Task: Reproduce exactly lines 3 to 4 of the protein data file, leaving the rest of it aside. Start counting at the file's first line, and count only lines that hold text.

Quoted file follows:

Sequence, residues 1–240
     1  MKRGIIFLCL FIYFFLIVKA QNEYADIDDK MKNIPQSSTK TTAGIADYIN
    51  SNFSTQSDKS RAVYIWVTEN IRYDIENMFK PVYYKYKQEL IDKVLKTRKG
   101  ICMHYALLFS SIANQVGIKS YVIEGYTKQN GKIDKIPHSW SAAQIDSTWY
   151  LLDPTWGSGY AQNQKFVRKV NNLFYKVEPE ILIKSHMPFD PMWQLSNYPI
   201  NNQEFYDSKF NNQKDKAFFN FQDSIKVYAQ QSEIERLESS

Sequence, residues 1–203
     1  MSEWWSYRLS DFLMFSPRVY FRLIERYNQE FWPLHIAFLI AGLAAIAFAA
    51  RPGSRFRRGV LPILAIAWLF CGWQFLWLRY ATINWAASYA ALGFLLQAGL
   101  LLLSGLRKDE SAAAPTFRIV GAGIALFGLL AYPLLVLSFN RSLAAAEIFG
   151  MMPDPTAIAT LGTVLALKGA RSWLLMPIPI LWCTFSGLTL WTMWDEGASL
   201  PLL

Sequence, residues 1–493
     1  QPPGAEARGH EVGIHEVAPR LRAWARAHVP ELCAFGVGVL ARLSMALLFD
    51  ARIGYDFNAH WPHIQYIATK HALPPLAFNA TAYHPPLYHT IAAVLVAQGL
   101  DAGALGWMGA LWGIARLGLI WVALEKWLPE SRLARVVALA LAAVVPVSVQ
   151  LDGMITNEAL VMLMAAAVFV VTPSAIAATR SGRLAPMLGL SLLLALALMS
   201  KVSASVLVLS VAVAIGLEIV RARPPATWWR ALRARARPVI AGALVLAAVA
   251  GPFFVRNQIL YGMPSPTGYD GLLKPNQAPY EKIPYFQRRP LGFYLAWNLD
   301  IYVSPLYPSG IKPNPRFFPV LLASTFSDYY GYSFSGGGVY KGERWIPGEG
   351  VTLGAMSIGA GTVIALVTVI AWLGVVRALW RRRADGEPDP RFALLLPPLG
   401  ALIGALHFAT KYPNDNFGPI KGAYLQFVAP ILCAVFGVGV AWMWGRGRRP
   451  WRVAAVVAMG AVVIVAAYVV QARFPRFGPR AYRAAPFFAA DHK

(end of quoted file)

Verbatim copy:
    51  SNFSTQSDKS RAVYIWVTEN IRYDIENMFK PVYYKYKQEL IDKVLKTRKG
   101  ICMHYALLFS SIANQVGIKS YVIEGYTKQN GKIDKIPHSW SAAQIDSTWY